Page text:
Senate healthcare bill appears headed for failure

Senate Republicans plan to vote this week on revised healthcare reform legislation, but a number of serious problems mean that the chances of getting that bill passed are slim to none.

The latest wallop of bad news for Republicans came Friday when the Senate parliamentarian announced that key provisions of the revised bill would not pass muster under the special budgetary rules that Republicans are using to pass the legislation with a simple majority instead of 60 votes.

There is no indication yet from Sen. John McCainJohn Sidney McCainMeghan McCain on Pelosi, McCarthy fight: 'I think they're all bad' Democrats seek to counter GOP attacks on gas prices Biden nominates Jeff Flake as ambassador to Turkey MORE (R-Ariz.), who was diagnosed last week with brain cancer, that he will be back in Washington in time for a vote — which means GOP leaders may be starting one vote short.

Sen. Susan CollinsSusan Margaret CollinsSchumer urges GOP to ignore Trump: He's 'rooting for failure' Trump pressures McConnell, GOP to ditch bipartisan talks until they have majority Transit funding, broadband holding up infrastructure deal MORE (R-Maine), who has already announced her opposition to the Senate healthcare bill, on Sunday criticized what she called a confusing and disjointed process.

She said a vote is likely Tuesday, but said senators still don’t know whether they’ll vote on the House-passed measure, one of several Senate versions or a bill that simply repeals as much of the law as possible and sets a two-year transition period for crafting a yet-to-be-determined replacement.

“I don’t think that’s a good approach to facing legislation that affects millions of people and one sixth of our economy,” she said on CBS’s “Face the Nation.”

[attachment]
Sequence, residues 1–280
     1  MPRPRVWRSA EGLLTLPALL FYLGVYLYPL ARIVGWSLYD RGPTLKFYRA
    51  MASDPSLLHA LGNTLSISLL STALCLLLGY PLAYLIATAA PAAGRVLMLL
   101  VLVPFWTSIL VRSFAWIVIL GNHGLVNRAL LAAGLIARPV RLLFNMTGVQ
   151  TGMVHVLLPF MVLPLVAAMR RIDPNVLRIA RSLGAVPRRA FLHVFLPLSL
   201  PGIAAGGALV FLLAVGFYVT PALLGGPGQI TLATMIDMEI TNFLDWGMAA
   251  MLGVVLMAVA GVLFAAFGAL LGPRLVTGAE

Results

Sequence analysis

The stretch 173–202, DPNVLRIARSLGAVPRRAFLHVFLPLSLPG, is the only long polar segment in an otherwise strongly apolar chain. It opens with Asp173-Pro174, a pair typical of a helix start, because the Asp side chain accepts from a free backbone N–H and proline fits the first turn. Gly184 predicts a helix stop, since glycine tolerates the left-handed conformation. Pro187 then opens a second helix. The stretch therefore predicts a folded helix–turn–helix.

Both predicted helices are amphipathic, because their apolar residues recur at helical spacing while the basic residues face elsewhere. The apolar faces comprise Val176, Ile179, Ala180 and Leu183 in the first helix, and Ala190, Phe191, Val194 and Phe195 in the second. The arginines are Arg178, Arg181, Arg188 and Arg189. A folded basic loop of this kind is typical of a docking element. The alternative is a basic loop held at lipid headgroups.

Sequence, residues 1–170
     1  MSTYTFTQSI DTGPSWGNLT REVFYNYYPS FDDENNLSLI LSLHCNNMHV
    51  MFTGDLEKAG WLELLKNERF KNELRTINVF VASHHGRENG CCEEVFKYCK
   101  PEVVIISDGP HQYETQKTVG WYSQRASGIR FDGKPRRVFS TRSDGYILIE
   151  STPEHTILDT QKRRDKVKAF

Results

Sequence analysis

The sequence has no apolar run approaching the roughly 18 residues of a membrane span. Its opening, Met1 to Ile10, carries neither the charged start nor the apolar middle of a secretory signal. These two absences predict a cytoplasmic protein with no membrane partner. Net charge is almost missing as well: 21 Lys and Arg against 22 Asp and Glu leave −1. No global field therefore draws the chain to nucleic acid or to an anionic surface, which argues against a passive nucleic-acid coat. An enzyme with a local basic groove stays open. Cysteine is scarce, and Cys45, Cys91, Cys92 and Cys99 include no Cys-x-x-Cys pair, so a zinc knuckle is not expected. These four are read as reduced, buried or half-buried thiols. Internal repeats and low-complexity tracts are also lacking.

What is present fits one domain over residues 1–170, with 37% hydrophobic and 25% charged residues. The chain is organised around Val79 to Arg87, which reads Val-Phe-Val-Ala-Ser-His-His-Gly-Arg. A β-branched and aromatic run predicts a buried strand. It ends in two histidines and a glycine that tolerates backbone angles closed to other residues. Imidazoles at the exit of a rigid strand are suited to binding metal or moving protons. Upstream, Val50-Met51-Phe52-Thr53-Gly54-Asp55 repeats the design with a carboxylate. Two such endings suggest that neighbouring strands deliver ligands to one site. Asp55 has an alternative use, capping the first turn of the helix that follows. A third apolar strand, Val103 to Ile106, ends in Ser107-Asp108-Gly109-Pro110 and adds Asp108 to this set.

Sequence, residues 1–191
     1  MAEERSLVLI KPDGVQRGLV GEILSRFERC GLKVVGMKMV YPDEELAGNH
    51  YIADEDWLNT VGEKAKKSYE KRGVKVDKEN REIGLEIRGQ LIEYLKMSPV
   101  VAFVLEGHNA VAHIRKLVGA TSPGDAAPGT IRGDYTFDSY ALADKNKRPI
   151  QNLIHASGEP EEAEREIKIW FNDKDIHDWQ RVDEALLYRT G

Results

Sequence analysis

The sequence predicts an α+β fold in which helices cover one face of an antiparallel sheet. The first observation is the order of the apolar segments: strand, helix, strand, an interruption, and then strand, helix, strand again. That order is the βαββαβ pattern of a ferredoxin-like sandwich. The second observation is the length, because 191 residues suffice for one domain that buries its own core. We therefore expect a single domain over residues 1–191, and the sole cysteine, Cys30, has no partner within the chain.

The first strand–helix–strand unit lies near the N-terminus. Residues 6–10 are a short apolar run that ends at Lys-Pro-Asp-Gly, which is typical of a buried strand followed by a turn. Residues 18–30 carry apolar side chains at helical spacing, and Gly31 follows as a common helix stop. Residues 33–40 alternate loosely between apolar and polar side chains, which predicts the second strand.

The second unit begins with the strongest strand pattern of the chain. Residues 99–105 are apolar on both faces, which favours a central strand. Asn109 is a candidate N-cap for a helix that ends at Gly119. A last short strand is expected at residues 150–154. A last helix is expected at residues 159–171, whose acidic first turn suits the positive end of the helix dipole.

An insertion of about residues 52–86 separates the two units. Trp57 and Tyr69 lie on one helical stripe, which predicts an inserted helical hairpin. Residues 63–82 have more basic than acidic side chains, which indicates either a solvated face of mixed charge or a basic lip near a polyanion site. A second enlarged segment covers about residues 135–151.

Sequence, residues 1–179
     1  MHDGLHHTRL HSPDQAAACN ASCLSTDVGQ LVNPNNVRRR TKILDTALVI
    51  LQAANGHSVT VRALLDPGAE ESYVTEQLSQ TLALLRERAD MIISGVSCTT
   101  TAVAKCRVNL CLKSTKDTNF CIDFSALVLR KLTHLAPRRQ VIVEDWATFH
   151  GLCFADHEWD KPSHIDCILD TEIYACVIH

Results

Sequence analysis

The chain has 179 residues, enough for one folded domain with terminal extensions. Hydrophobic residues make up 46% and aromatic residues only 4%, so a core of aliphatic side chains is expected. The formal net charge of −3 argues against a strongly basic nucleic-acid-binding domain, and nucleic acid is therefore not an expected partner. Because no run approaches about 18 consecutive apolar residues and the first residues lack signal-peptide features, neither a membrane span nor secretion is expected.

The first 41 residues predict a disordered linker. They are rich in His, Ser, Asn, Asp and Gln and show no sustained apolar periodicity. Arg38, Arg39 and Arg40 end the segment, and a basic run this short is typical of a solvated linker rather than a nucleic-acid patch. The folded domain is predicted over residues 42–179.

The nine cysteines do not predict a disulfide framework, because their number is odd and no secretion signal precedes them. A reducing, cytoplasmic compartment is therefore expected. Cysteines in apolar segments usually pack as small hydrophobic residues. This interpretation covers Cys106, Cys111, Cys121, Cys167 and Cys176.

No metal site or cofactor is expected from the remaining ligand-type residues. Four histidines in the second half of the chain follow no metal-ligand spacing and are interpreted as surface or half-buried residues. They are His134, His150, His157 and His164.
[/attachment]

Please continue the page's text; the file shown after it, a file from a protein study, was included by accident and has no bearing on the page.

Sen. Rand PaulRandal (Rand) Howard PaulGOP Rep. Cawthorn says he wants to 'prosecute' Fauci Writer: Fauci, Paul clash shouldn't distract from probe into COVID-19 origins S.E. Cupp: 'The politicization of science and health safety has inarguably cost lives' MORE (R-Ky.), another opponent, called the revised Senate version a “pork fest.”

“They're dumping billions of dollars into pet projects for individual senators,” he said Sunday on CNN’s “State of the Union.”

Republicans control 52 Senate seats and can only afford two defections, since Vice President Pence would break a 50-50 tie.

Without McCain, Collins and Paul, Senate Majority Leader Mitch McConnellAddison (Mitch) Mitchell McConnellTrump Jr. inches past DeSantis as most popular GOP figure in new poll: Axios House rejects GOP effort to seat McCarthy's picks for Jan. 6 panel Senators scramble to save infrastructure deal MORE (R-Ky.) does not have enough support to pass the bill.

McConnell appeared skeptical last week of getting 50 votes on the Senate bill that he and his Senate GOP colleagues have negotiated for months.

He announced on Monday, nearly a week ago, that “regretfully, it is now apparent that the effort to repeal and immediately replace the failure of ObamaCare will not be successful.”

He proposed voting to proceed to the House-passed healthcare bill and then replacing it with an amendment to repeal as much of ObamaCare as possible, setting up a two-year transition period to craft replacement legislation.

Two Republican senators who attended Wednesday’s meeting with President Trump at the White House say McConnell revived the Senate’s version of the repeal-and-replace legislation after Trump pressed him directly on it.